APOD: M100: A Grand Design Spiral Galaxy (2015 Feb 11)

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APOD: M100: A Grand Design Spiral Galaxy (2015 Feb 11)

Post by APOD Robot » Wed Feb 11, 2015 5:15 am

Image M100: A Grand Design Spiral Galaxy

Explanation: Majestic on a truly cosmic scale, M100 is appropriately known as a grand design spiral galaxy. It is a large galaxy of over 100 billion stars with well-defined spiral arms that is similar to our own Milky Way Galaxy. One of the brightest members of the Virgo Cluster of galaxies, M100 (alias NGC 4321) is 56 million light-years distant toward the constellation of Berenice's Hair (Coma Berenices). This Hubble Space Telescope image of M100 was made in 2006 and reveals bright blue star clusters and intricate winding dust lanes which are hallmarks of this class of galaxies. Studies of variable stars in M100 have played an important role in determining the size and age of the Universe. If you know exactly where to look, you can find a small spot that is a light echo from a bright supernova that was recorded a few months before the image was taken.

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Re: APOD: M100: A Grand Design Spiral Galaxy (2015 Feb 11)

Post by Ann » Wed Feb 11, 2015 5:19 am

Nice work, Geck!

Tell me, is the supernova echo the small ring-like shape below and slightly to the right of the brightest yellow foreground star slightly below center of the picture?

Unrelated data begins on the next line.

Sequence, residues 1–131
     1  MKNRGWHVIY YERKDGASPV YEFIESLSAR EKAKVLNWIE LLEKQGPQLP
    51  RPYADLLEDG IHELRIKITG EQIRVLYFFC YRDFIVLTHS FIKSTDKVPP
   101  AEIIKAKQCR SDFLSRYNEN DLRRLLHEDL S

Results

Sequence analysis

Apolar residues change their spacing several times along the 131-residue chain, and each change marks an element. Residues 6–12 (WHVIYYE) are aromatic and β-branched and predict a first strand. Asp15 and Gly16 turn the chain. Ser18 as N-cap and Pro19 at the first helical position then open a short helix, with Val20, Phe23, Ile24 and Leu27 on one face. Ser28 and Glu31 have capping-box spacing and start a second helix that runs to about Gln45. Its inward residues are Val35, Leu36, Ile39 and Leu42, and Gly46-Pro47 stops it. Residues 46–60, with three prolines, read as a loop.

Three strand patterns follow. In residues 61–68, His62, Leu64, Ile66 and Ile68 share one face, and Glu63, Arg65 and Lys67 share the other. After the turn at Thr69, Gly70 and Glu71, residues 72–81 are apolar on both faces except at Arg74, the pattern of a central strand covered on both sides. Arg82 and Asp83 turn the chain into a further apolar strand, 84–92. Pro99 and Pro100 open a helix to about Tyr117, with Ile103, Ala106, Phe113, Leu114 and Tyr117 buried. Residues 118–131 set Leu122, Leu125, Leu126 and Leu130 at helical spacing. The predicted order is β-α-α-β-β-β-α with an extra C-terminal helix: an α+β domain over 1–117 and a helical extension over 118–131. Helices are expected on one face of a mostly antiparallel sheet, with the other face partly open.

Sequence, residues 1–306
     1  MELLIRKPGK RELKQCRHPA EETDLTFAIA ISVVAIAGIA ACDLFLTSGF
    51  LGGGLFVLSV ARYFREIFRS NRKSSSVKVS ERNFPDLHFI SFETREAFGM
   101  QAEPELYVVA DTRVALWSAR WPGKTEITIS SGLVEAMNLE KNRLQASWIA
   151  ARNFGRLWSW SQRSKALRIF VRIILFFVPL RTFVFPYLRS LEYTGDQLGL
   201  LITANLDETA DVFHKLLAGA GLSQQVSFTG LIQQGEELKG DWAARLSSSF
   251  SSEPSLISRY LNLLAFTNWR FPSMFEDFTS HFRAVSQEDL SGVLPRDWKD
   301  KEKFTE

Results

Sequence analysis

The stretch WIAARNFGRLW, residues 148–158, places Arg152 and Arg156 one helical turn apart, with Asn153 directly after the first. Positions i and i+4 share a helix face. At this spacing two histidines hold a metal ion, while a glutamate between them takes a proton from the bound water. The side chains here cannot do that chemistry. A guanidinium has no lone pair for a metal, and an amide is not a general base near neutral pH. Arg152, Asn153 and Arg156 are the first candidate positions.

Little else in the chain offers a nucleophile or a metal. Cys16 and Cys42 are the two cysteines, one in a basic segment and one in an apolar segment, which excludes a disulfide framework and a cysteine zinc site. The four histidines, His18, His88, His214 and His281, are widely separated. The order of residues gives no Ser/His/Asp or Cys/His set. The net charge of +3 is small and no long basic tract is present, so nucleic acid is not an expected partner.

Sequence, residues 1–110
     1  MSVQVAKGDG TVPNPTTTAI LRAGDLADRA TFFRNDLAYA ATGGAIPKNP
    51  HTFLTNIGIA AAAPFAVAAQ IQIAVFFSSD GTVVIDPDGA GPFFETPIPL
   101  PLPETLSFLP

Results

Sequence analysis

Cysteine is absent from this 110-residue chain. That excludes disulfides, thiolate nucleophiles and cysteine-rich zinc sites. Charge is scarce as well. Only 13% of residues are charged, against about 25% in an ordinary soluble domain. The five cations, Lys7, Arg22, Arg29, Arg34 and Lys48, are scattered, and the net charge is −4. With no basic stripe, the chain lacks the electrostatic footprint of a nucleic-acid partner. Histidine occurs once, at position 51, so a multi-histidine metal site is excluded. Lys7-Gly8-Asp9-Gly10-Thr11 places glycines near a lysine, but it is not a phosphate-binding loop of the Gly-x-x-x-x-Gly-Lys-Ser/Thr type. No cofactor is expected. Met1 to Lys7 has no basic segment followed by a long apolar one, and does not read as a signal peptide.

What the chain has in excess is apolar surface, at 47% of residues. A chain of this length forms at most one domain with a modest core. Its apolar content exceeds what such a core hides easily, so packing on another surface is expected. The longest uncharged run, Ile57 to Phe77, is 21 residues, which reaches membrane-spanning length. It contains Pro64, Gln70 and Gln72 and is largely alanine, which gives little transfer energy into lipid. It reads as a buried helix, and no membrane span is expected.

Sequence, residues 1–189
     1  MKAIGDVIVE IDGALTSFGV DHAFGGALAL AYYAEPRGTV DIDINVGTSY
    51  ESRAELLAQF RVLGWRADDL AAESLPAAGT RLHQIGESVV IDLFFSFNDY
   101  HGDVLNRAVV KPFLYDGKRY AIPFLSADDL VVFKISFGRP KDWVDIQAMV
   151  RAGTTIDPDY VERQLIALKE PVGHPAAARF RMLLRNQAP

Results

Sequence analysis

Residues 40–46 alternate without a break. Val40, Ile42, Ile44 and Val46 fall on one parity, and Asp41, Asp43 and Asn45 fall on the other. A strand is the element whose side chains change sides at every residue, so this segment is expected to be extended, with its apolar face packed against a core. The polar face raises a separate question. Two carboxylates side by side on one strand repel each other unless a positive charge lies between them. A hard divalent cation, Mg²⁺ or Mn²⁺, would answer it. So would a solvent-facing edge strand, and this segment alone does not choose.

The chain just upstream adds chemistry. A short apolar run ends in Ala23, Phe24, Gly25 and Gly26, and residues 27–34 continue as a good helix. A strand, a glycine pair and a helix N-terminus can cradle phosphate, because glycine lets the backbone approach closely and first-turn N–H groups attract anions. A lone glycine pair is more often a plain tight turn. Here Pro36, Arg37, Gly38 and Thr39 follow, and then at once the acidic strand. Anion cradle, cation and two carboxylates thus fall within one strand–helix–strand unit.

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Re: APOD: M100: A Grand Design Spiral Galaxy (2015 Feb 11)

Post by Boomer12k » Wed Feb 11, 2015 5:44 am

It appears to have two cores....a main brighter one, and the other next to it....


This is a slendid shot...but wish it was a tad wider....

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Re: APOD: M100: A Grand Design Spiral Galaxy (2015 Feb 11)

Post by BillBixby » Wed Feb 11, 2015 6:15 am

Judy S - You've brought out an image in blue that rocks. Ann had to like it!!! So do I. I love the talent attracted to APOD

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Re: APOD: M100: A Grand Design Spiral Galaxy (2015 Feb 11)

Post by Case » Wed Feb 11, 2015 6:16 am

APOD Robot wrote:If you know exactly where to look, you can find a small spot that is a light echo from a bright supernova that was recorded a few months before the image was taken.
A light echo with a radius of approximately 3 pixels or more in the 4060px image. Is “a few light months” really that big a distance in the image? I didn't think the echo could grow that big in such a short time span.
Ann wrote:Tell me, is the supernova echo the small ring-like shape?
There is an annotated version with the location at http://www.geckzilla.com/astro/SN2006X_light_echo.jpg